Bullying in Sports

Instructor: Artem Cheprasov

Artem has a doctor of veterinary medicine degree.

Bullying occurs in school, in the workplace, and even at home. Bullying also occurs in sports. This lesson teaches you about how it manifests itself there and what parents can do about it.

What Is Bullying?

Little Timmy is in 7th grade. His favorite sport is soccer. He plays with his team a couple of times a week, practices almost every day, and loves the sport. However, his parents notice that he's not really happy. They ask him what's troubling him. It turns out, it has to do with bullying.

Bullying is aggressive behavior (often recurrent) where the aggressor (bully) behaves in a threatening or abusive manner that makes the victim feel powerless and/or hurt.

Bullying Vs. Competition

First, let's address the issue of competitiveness vs. athletic bullying. Competition, in moderation, can be a very good thing as it can teach you valuable lessons on how to succeed and how to train to become better at your favorite sport. Bullying is very different though. Let's say you are playing football. It's obvious that in football your job may be to tackle another player. That's competition. You're playing within the rules of the game. But if you tackle with the intent to injure the player so they miss the rest of the season or even a few games in order to give yourself or your team an advantage, that's no longer competition. That's outright physical athletic bullying.

Bullying In Sports

Back to Timmy.

Little Timmy's parents ask him about what kind of bullying he has experienced. It turns out there is more than one kind. First, it started with verbal bullying. Timmy says he was called all sorts of demeaning names, he was taunted, and then he was eventually threatened with harm. All of those are examples of verbal bullying. Unfortunately, those verbal threats became real and he was purposefully tripped by other players, some of his teammate snapped towels at him, others hit him and even head butted him. These types of behaviors are examples of physical bullying.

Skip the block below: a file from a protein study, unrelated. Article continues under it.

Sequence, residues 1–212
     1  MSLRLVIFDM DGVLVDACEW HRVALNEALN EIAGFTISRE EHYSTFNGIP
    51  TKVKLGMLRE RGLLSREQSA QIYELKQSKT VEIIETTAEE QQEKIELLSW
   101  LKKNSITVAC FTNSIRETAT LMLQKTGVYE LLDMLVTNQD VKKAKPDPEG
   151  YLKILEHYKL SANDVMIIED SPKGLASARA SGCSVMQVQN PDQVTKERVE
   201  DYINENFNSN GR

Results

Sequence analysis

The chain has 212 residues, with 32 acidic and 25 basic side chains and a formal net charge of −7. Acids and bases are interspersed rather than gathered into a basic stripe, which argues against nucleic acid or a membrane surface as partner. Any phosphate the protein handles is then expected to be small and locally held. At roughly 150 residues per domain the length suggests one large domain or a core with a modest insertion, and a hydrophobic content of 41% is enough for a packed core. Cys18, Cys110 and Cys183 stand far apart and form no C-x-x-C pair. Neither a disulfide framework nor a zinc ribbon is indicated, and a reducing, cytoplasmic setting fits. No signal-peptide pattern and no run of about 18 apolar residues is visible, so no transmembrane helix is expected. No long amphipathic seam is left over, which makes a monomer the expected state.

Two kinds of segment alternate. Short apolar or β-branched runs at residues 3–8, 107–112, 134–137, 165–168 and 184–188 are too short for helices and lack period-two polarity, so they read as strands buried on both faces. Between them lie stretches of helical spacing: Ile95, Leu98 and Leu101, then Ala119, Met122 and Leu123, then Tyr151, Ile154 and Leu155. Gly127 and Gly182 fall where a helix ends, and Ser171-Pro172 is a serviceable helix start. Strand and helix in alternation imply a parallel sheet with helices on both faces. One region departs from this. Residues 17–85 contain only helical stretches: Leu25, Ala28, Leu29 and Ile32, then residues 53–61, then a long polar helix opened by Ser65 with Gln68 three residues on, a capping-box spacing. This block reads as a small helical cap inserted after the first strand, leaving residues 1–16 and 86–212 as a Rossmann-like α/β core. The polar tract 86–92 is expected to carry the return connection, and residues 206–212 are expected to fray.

That wasn't all though. Timmy describes that what hurt him the most was that he was purposefully excluded by his teammates from parties or trips the team took as a group after school. He later found out there was a lot of gossip going on behind his back too. Some of his teammates even refused to talk to him for no apparent reason. These are examples of relational bullying.

Stopping Bullying In Sports

Little Timmy's parents are really saddened to hear about this, but they definitely want to take action to help him. One of the most important things the parents did was listen to little Timmy. Listening helps the child relieve a lot of stress, since they know someone is paying attention. Parent should also be supportive and non-judgmental. They shouldn't minimize the child's experiences nor ignore them.

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